July 12, 2010

Adélie Penguins, melting icebergs, and Drakes Passage

March 2, 2010

Adélie Penguins

Quick update… we are filming today, our last in Antarctica – studying the effects of global warming on Adélie Penguins with the American scientists at Palmer Station.

Like the condemmed we are also waiting and watching weather forecasts as we’re about to head back to South America, this time on the sailing boat. The rock and roll factor is noticeable even on the quiet waters around Antarctica – who knows how we will fare on the Drakes Passage. That’s the notorious stretch of water where 3 currents meet, high winds + massive waves that whip up off the undersea mountains! Named after the famous explorer/pirate Sir Francis Drake. We plan to leave tomorrow very early – 3 days later we hope to sight Cape Horn. Wowee! Will try and get the cameras running between barf bags…

The Antarctic Voyage…

February 24, 2010

The fifth largest continent

February 23, 2010

So we’ve made it, and set foot on the world’s coldest, driest, and windiest 5th largest continent. It’s just as impressive as I imagined. The part we’re visiting – the Antarctic Peninsula – is packed high with mountains stacked with snow, and all around massive glaciers reach down into the sea. That’s what we look at from our boat at a safe enough distance to allow for glaciers falling and not onto our heads!

Apparently, behind the mountains are more mountains. And more ice. It feels a little odd only because we are so used to arriving somewhere and really getting a good look around. Here there are barriers at every turn, first the floating ice, now the mountains of ice. There are definitely no shopping opportunities (excepting at a few of the Antarctic bases), and scant opportunity to stay overnight. This place is impenetrable not like any other country or continent I have visited before.

But we do get ashore and slowly we start to get a feel for what Antarctic is like. I’ll never forget the sight of penguins zipping in to shore like torpedoes. First you see a lump on the water hurtling towards you then a rushing sound and the penguins comes flying out of the water, now they’re waddling up the hill with maximum intent. It’s a bit like watching penguins materialise already running into thin air. The light is surreal, we shoot a time lapse of icebergs moving around a bay.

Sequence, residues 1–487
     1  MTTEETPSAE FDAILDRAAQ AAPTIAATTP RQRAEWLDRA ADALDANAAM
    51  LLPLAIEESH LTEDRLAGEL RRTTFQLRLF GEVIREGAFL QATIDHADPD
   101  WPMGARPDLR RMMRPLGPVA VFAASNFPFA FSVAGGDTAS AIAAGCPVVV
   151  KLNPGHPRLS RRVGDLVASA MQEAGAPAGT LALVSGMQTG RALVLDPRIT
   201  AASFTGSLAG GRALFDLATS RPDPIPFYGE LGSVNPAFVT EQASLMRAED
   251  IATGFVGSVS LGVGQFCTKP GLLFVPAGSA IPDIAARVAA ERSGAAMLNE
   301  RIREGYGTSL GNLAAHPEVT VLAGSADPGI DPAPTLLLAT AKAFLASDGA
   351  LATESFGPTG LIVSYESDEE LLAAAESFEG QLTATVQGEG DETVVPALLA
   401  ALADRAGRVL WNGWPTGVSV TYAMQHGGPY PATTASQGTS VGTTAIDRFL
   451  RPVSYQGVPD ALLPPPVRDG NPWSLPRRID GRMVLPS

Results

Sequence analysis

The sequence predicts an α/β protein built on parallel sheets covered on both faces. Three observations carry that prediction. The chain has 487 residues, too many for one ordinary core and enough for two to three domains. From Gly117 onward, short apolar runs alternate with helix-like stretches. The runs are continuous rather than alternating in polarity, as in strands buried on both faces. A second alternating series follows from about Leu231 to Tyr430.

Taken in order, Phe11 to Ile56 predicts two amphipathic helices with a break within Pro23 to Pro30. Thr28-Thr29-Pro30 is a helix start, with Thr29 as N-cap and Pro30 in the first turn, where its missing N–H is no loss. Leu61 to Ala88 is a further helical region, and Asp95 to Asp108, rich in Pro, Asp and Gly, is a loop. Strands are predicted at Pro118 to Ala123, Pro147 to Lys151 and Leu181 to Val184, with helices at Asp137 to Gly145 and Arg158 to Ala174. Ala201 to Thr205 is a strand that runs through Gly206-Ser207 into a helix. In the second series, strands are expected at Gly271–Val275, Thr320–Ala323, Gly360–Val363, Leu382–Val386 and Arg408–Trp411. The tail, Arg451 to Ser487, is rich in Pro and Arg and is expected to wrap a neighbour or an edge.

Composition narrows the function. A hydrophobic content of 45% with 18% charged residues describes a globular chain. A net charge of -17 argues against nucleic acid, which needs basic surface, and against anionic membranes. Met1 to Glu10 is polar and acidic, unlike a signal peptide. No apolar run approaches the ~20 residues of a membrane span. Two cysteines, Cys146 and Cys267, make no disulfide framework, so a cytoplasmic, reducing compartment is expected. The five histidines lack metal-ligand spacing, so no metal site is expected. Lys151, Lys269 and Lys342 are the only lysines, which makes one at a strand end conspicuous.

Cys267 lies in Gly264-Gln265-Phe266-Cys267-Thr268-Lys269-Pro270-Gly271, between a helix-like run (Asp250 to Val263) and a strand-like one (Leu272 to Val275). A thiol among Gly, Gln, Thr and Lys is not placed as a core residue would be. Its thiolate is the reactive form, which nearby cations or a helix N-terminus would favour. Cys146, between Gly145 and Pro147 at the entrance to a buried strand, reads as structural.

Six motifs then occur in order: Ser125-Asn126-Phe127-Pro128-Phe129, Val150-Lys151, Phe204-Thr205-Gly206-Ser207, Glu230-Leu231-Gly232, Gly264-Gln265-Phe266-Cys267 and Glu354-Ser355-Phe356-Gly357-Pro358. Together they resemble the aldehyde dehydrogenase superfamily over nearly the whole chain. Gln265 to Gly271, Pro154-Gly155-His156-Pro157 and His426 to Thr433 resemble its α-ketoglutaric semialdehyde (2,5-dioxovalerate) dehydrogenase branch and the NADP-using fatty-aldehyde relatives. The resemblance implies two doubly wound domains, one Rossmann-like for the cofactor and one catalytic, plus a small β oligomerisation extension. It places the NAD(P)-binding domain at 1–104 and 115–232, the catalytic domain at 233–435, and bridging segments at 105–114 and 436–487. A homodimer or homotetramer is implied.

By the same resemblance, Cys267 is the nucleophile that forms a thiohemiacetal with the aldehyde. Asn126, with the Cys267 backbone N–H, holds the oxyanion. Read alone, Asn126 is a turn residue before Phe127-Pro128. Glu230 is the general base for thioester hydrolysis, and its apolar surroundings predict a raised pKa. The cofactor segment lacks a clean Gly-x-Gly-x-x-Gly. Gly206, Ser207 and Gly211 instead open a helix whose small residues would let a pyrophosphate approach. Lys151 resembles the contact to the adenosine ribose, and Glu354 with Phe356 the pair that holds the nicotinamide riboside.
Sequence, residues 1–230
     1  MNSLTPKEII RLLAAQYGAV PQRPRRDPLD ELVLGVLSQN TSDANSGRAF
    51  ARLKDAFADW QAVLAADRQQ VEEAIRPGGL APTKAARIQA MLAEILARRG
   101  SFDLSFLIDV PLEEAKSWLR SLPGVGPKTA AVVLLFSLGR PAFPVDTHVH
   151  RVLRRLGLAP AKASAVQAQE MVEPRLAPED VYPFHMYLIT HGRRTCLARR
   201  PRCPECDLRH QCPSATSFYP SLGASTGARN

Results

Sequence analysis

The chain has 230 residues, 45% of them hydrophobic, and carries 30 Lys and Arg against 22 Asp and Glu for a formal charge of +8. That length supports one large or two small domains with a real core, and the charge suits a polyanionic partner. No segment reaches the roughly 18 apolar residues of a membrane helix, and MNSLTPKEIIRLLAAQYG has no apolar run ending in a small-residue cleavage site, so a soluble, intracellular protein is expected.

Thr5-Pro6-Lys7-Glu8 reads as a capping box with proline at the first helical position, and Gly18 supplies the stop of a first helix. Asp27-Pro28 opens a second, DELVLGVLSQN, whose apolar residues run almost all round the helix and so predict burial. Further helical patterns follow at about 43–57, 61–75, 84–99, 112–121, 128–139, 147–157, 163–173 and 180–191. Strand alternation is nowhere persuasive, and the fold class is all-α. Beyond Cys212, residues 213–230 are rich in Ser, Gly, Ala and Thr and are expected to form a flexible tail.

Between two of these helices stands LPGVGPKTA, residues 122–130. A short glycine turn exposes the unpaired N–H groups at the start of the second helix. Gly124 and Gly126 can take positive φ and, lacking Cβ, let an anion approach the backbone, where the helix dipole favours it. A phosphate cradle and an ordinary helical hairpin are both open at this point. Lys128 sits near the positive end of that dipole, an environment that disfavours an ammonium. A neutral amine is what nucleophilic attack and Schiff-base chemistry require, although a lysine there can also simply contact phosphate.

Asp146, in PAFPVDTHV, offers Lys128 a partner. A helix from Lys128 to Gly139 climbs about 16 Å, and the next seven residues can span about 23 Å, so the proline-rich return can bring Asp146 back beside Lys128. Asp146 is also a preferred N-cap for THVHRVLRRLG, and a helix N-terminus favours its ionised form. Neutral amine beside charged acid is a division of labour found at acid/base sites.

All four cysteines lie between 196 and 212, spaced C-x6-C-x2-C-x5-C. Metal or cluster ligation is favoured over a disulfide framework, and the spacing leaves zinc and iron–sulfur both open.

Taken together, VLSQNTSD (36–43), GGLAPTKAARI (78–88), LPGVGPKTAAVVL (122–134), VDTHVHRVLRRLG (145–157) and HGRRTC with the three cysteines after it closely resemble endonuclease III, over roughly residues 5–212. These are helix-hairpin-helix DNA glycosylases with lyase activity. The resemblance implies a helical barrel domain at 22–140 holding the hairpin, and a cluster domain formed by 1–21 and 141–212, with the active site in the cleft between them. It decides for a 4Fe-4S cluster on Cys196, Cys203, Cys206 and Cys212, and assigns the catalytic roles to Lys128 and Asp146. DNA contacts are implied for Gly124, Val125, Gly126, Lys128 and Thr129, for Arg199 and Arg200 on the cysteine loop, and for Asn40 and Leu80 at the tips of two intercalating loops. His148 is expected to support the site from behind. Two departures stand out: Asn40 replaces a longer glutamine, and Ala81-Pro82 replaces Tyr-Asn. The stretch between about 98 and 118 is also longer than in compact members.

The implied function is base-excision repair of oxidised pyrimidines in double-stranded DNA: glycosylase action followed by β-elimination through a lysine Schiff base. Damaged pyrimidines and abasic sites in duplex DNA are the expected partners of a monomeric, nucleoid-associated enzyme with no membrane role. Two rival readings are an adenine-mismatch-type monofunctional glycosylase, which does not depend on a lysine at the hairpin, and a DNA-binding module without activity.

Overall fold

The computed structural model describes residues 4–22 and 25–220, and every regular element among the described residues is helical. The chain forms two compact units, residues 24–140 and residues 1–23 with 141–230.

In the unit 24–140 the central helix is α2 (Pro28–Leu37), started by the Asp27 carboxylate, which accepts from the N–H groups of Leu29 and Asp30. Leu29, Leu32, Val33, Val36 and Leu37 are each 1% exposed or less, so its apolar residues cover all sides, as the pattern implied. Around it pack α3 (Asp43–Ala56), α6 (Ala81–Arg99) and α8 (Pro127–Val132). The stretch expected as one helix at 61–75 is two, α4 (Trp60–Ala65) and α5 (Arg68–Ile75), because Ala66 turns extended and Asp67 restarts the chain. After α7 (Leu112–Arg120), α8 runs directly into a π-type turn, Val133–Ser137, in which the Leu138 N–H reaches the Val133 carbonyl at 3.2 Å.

Occasionally, when us humans can bear it, you get to experience the incredible silence you’ve only dreamed about – punctuated by sharp noises, distant whale calls, and loud booms as huge chunks of ice fall off into the sea.

We’ve now left our big boat – The Akademic Ioffe – carrying 100 passengers and downsized to a yacht – The Spirit of Sydney – carrying 6. As we get smaller Antarctica feels even bigger. More to come…

Filming penguns is tricky…

February 16, 2010

We saw all these penguins today, 25,000 pairs very cool. How to film them is a tricky one! I’m not saying they all look the same but to the untrained observer it is pretty tough to follow central characters. The camera-shy penguin has plenty of opportunities to fade into the crowd. Maybe that is why there are gaping holes in the study of penguin behaviour. Like what attracts one penguin to another?

Try following one to find out and I would say it is pretty close to impossible. Still, penguins do find a mate and more miraculously manage to re-find the same mate when they return from lengthy trips out at sea. They achieve that by having a very finely tuned sense of sound frequencies. Even when there are 50,000 other penguins making noise – penguins exhibit a remarkable sensory ability to differentiate the unique sound of their partner or chicks, that is known as the “cocktail party” effect. In fact there are lots of amazing things about penguins. Like how they managed to evolve from the sea into birds, then into flightless birds that swim, and why they can’t go back to the sea full time – where they look a lot more in their element – because they still need to lay eggs.

Or how are baby penguins brave enough to fend for themselves after less than a year of their 25-40 year lives? That is not very long to learn the ways of the world. We are pretty sentimental creatures really us humans, that is why I am glad I am not a penguin living in the freezing cold sub-Antarctic with giant skuas swooping overhead and massive leopard seals hulking about. It is a wonder they still manage to have such a great time. You only need to follow one for ten minutes (best to pick one on the outskirts of a colony!) playing in the surf with some friends, and you will have a great time too.